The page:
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Do not take a single needle or a piece of thread

from the poor and oppressed masses

 
 

Books by Huey P. Newton

 Revolutionary Suicide  /  War Against the Panthers  / Huey P. Newton Reader / To Die for the People / The Genius of Huey P. Newton

In Search of Common Ground  / Insights and Poems / Essays from the Minister of Defense

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Books by Eldridge Cleaver

 

Soul on Ice Post-Prison Writings and Speeches  / Target Zero; A Life in Writing  / Conversation with Eldridge Cleaver

 

Being Black / Education and Revolution / Eldridge Cleaver  / Eldridge Cleaver Is Free

 

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Black Panther Party

Platform and Program

Between October 1 and October 15, 1966, in North Oakland, California, Huey P. Newton and Bobby Seale prepared the ten-point platform and program of the Black Panther Party. Seale made suggestions, but the platform and program were actually written by Newton, who divided them into "What We Want" and "What We Believe." The rules of the Party were set down later and added to as more were required. Today there are twenty-six rules: some for members of the Party and others for office and Party functionaries.

WHAT  WE WANT 

WHAT WE BELIEVE  

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Ten-Point Program

 

1. We wont freedom We want power to determine the destiny of our Black Community.

We believe that black people will not be free until we are able to determine our destiny.

2. We want full employment for our people.

We believe that the federal government is responsible and obligated to give every man employment or a guaranteed income. We believe that if the white American businessmen will not give full employment, then the means of production should be taken from the businessmen and placed in the community so that the people of the community can organize and empl9y all of its people and give a high standard of living.

3. We want an end to the robbery by the white man of our Black Community.

We believe that this racist government has robbed us and now we are demanding the overdue debt of forty acres and two mules. Forty acres and two mules was promised 100 years ago as restitution for slave labor and mass murder of black people. We will accept the payment in currency which will be distributed to our many communities. The Germans are now aiding the Jews in Israel for the genocide of the Jewish people. The Germans murdered six million Jews. The American racist has taken part in the slaughter of over fifty million black people; therefore, we feel that this is a modest demand that we make.

4. We want decent housing, fit for shelter of human beings. 

We believe that if the white landlords will not give decent housing to our black community, then the housing and the land should be made into cooperatives so that our community, with government aid, can build and make decent housing for its people.

5. We want education far our people that exposes the true nature of this decadent American society. We want education that teaches us our true history and our role in the present-day society.

We believe in an educational system that will give to our people a knowledge of self. If a man does not have knowledge of himself and his position in society and the world, then he has little chance to relate to anything 20 else.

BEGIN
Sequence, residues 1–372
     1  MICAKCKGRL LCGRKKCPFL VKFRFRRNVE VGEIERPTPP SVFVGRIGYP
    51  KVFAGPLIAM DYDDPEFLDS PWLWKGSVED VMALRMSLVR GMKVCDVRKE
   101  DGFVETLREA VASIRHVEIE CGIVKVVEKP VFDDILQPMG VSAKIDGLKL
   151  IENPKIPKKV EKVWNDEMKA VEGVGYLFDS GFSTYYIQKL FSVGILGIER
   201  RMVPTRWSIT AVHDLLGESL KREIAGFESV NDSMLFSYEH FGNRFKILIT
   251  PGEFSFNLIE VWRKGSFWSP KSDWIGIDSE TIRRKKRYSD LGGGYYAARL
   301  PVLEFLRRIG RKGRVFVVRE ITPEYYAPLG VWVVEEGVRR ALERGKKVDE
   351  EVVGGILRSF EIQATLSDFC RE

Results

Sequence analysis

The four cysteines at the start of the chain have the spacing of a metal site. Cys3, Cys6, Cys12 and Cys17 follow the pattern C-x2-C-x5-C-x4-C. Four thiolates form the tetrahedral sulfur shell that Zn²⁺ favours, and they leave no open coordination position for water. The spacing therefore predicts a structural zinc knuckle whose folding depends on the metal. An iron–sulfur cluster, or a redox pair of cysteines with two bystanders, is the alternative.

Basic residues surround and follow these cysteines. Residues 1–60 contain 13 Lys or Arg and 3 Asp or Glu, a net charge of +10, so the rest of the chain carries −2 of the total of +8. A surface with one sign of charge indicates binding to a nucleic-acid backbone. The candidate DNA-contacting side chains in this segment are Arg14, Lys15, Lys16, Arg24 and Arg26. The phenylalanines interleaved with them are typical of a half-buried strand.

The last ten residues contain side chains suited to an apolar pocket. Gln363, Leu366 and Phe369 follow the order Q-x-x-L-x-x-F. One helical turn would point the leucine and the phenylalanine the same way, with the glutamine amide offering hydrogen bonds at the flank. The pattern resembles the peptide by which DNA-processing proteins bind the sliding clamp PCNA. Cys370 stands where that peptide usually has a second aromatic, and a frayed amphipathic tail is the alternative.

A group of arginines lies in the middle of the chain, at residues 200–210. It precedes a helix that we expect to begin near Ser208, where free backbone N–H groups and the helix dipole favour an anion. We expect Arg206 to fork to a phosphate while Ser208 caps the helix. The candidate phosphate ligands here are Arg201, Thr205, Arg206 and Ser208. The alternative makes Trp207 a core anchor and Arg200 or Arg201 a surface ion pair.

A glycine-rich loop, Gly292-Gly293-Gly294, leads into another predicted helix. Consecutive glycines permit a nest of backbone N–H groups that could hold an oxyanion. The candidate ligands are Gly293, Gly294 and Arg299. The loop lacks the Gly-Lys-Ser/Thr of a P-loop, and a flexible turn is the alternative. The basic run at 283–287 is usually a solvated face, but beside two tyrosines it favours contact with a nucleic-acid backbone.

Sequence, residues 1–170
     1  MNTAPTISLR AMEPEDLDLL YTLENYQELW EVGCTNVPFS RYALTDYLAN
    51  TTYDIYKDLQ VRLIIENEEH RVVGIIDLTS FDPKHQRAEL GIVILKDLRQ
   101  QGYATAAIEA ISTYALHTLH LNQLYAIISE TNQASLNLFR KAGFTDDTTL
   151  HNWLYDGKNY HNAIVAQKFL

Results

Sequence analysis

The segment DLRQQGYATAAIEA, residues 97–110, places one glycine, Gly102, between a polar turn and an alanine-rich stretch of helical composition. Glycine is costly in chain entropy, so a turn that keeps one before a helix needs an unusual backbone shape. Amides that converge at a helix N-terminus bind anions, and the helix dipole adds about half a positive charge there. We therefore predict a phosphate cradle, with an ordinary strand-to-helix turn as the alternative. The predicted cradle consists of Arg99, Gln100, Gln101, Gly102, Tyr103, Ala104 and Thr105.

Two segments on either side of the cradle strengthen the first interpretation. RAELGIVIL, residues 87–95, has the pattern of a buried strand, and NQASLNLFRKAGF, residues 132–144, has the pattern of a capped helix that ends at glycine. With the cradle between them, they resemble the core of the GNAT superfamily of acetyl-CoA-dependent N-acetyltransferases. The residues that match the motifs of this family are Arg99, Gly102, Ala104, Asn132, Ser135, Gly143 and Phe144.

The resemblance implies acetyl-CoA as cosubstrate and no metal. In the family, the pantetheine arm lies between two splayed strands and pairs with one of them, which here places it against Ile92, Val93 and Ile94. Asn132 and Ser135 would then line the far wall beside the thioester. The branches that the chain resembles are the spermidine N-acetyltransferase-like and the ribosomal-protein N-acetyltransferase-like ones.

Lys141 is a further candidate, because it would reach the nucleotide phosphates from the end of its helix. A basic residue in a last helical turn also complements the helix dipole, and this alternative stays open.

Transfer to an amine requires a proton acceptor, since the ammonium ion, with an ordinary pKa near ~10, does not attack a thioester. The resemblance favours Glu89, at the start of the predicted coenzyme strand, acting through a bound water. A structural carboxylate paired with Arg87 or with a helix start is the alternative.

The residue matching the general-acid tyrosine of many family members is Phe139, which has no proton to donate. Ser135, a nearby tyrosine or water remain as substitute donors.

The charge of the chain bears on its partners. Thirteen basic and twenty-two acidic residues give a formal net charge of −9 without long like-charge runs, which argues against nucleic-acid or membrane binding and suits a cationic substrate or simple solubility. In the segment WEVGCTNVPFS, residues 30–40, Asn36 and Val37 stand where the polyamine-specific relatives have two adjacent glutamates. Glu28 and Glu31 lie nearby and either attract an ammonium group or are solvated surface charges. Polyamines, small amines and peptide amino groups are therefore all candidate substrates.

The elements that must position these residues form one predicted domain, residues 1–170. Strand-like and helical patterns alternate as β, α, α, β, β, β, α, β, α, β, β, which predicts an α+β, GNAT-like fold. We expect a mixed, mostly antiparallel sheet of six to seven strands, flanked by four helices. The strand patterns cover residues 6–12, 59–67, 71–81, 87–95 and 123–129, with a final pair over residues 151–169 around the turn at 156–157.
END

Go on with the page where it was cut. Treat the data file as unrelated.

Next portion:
6. We want all black men to be exempt from military service.

We believe that Black people should not be forced to fight in the military service to defend a racist government that does not protect us. We will not fight and kill other people of color in the world who, like black people, are being victimized by the white racist government of America. We will protect ourselves from the force and violence of the racist police and the racist military, by whatever means necessary.

7. We want an immediate end to POLICE BRUTALITY and MURDER of black people. We believe we can end police brutality in our black community by organizing black self-defense groups that are dedicated to defending our black community from racist police oppression and brutality. The Second Amendment to the Constitution of the United States gives a right to bear arms. We therefore believe that all black people should arm themselves for self-defense.

8. We want freedom for all black men held in federal, state, county and city prisons and jails.

We believe that all black people should be released from the many jails and prisons because they have not received a fair and impartial trial.  

9. We want all black people when brought to trial to be tried in court by a jury of their peer group or people from their black communities, as defined by the Constitution of the United States.

We believe that the courts should follow the United States Constitution so that black people will receive fair trials. The 14th Amendment of the U.S. Constitution gives a man a right to be tried by his peer group.

A peer is a person from a similar economic, social, religious, geographical, environmental, historical and racial background. To do this the court will be forced to select a jury from the black community from which the black defendant came. We have been, and are being tried by all-white juries that have no understanding of the "average reasoning man" of the black community.

10. We want land, bread, housing, education, clothing, justice and peace. And as our major political objective, a United Nations-supervised plebiscite to be held throughout the black colony in which only black colonial subjects will be allowed to participate, for the purpose of determining the will of black people as to their national destiny.